‘Silent destroyers’ that consume houses found in Netherlands

A colony of termites can consume up to 500g of wood a day. Photo: Judy Gallagher via Wikimedia Commons

Termites that feed off dead wood, causing potentially devastating damage to houses, have established themselves in the Netherlands, experts have warned.

The termites, which are native to the eastern United States and Mexico, were first detected in Zuid-Holland province in 2019.

Despite efforts to exterminate the colony, the creatures survived the Dutch winter and have spread to an area of around 1,500 square metres.

Two houses and a greenhouse complex have been damaged by the termites gnawing through the foundations, experts say. They may also have colonised the roof.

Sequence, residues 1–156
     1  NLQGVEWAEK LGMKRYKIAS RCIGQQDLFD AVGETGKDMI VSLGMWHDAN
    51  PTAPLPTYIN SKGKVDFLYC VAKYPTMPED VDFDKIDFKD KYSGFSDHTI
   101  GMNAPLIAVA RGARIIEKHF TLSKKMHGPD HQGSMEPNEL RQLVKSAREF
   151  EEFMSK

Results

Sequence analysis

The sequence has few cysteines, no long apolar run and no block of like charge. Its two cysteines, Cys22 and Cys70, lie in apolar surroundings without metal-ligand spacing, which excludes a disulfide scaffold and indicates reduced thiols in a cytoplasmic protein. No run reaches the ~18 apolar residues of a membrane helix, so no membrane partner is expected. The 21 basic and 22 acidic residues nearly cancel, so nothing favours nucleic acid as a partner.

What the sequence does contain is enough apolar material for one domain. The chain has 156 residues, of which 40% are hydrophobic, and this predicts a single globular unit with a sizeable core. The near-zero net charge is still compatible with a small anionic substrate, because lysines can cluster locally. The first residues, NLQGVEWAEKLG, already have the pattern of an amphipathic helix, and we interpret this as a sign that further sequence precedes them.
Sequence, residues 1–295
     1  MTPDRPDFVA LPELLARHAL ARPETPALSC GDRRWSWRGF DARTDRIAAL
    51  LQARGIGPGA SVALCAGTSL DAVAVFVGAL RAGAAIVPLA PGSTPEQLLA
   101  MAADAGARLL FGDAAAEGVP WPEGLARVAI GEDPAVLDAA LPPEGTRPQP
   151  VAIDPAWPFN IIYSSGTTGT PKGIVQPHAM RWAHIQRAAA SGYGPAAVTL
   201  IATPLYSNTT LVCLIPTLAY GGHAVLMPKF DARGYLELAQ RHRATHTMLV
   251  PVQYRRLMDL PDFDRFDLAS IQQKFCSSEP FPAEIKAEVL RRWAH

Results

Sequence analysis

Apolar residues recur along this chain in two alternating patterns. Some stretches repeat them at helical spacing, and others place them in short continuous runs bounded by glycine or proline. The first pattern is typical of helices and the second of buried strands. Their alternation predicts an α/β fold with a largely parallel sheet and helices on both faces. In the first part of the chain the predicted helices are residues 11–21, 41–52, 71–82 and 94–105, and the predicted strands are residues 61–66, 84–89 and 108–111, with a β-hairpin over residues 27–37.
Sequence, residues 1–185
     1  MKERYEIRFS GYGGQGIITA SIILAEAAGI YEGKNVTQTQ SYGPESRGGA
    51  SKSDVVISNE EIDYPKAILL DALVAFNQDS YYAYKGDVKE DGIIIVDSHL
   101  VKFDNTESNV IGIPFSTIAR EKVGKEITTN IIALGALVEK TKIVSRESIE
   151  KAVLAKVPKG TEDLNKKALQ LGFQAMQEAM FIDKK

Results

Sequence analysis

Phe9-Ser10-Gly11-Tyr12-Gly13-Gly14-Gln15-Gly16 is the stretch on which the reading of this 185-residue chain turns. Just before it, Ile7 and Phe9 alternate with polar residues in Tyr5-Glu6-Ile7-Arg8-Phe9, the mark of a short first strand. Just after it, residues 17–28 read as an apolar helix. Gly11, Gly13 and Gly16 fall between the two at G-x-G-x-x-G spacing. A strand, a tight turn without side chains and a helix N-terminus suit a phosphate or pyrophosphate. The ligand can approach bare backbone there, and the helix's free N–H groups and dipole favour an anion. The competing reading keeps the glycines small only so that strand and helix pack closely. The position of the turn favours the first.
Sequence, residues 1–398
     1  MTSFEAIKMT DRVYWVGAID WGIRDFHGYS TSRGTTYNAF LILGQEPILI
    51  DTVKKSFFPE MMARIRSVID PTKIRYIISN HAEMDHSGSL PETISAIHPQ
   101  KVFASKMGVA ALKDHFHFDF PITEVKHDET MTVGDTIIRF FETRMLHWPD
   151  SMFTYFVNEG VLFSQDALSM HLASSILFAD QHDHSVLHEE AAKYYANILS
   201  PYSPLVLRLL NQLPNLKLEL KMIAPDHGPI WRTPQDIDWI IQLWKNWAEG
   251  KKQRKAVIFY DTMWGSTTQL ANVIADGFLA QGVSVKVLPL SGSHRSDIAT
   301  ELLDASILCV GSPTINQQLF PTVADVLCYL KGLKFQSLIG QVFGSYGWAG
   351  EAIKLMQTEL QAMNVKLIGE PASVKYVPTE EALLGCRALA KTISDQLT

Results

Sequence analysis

Aron Kuiper, biologist with the Wageningen-based research institute KAD, which specialises in infestations, told NOS: “For a biologist it’s great, but it can cause a lot of damage.

“These creatures look harmless, but if your house is made of wood it’ll be gradually chewed away,” he said.

The termites, known to biologists by the Latin name of Reticulitermes flavipes, live mainly in underground colonies that can number in the millions. The colonies consist of a king and queen, soldiers who defend the nest and workers who build it and forage for food.

The creatures are unique in that their diet consists entirely of cellulose, which is found in dead wood and dried-out plants. They can consume up to 500g in a day.

They can be hard to detect because they burrow into wooden structures and consume them from the inside out. The main sign that they have colonised an area is the appearance of soil tunnels that they dig to protect themselves from drying out.

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